Kennedy was so distraught by this outcome he decided to recall Lodge and fire him. He had arranged to do this on November 24th. Instead, President Johnson called the ambassador back with a different message: the US must not lose in Vietnam. (p. 375)...

JFK and the Unspeakable (Oswald)
Douglass mentions the Nags Head, North Carolina military program which launched American soldiers into Russia as infiltrators. Near the end of the book (p. 365), with Oswald in jail about to be killed by Jack Ruby, Douglass returns to that military program with Oswald's famous thwarted phone call to Raleigh, North Carolina: the spy left out in the cold attempting to contact his handlers for information as how to proceed. But not realizing that his attempted call will now guarantee his execution...

Falls Church adjoins Langley, which was then the new headquarters of the Central Intelligence Agency, a prized project of Allen Dulles. It was from Falls Church that Ruth Paine journeyed to New Orleans to pick up Marina Oswald, who she had been introduced to by George DeMohrenschildt. After she picked Marina up, she deposited her in her home in Irving, Texas. Thereby separating Marina from Lee at the time of the assassination.

Some later discoveries made Ruth's itinerary in September quite interesting. It turned out that John Hoke, Sylvia's husband, also worked for AID. And her sister Sylvia worked directly for the CIA itself. By the time of Ruth's visit, Sylvia had been employed by the Agency for eight years. In regards to this interestingly timed visit to her sister, Jim Garrison asked Ruth some pointed questions when she appeared before a grand jury in 1968. He first asked her if she knew her sister had a file that was classified at that time in the National Archives. Ruth replied she did not. In fact, she was not aware of any classification matter at all. When the DA asked her if she had any idea why it was being kept secret, Ruth replied that she didn't. Then Garrison asked Ruth if she knew which government agency Sylvia worked for. The uninquiring Ruth said she did not know. (p. 171) This is the same woman who was seen at the National Archives pouring through her files in 1976, when the House Select Committee was gearing up.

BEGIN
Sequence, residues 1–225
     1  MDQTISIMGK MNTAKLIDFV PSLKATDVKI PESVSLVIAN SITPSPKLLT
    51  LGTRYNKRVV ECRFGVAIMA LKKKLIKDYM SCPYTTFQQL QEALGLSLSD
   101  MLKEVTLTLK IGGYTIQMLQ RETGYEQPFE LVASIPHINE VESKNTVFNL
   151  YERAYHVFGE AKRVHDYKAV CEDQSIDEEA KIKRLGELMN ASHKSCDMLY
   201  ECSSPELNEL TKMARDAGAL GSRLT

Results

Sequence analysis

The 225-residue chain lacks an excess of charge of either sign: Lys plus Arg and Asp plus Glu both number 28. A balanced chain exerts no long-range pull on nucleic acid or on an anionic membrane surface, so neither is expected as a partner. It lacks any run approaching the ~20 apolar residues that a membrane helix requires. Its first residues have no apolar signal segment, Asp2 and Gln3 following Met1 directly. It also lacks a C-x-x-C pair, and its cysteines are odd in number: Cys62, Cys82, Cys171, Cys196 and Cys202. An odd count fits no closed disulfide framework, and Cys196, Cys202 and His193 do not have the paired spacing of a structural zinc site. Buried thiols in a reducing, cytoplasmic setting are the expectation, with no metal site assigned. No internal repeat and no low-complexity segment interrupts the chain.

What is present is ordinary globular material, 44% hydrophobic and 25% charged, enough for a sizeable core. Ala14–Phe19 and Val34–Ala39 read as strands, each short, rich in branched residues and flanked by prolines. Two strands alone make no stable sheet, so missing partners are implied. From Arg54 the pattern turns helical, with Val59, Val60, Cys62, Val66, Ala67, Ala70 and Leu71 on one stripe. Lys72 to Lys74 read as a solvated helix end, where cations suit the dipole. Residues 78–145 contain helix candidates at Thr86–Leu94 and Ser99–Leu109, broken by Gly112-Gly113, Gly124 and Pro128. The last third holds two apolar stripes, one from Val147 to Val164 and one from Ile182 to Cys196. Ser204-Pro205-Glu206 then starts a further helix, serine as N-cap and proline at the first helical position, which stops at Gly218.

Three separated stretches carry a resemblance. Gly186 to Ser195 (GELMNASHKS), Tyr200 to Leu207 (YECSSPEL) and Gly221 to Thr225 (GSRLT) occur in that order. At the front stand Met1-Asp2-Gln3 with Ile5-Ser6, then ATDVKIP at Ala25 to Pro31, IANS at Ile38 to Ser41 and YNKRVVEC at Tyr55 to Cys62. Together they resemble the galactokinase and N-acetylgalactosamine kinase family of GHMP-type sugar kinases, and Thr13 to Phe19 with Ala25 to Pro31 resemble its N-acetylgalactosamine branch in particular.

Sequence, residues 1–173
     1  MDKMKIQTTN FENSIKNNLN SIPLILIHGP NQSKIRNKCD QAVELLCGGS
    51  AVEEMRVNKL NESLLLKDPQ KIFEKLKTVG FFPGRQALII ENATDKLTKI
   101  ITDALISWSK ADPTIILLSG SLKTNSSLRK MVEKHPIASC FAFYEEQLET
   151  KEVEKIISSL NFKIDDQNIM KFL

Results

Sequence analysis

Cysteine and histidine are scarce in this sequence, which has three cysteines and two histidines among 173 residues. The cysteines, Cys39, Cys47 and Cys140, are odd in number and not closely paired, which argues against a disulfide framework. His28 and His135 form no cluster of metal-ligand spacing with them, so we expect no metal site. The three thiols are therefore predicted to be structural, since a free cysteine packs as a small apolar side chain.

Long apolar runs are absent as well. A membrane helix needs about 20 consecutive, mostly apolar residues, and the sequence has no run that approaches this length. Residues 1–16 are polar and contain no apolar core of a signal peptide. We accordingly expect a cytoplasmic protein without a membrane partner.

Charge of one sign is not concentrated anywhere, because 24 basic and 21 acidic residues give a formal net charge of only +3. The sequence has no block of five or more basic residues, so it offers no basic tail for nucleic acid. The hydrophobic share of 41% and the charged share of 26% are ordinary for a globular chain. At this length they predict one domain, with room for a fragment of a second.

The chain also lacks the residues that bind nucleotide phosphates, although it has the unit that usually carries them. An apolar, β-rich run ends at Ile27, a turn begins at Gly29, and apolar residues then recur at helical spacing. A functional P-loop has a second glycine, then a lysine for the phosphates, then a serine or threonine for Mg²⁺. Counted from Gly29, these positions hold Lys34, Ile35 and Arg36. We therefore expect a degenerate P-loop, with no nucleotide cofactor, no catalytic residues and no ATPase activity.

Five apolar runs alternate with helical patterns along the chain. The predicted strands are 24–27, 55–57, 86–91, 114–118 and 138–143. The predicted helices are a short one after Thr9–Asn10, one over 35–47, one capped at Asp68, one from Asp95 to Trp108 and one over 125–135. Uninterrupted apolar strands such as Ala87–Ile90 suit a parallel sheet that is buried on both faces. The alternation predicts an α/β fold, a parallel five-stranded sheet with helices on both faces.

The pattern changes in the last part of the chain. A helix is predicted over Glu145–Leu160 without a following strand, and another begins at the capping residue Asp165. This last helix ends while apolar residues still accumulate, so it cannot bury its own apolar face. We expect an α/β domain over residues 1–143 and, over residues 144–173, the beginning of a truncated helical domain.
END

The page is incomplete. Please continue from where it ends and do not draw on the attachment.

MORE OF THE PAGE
When Marina Oswald was called before the same grand jury, a citizen asked her if she still associated with Ruth Paine. Marina replied that she didn't. When asked why not, Marina stated that it was upon the advice of the Secret Service. She then elaborated on this by explaining that they had told her it would look bad if the public found out the "connection between me and Ruth and CIA." An assistant DA then asked, "In other words, you were left with the distinct impression that she was in some way connected with the CIA?" Marina replied simply, "Yes."...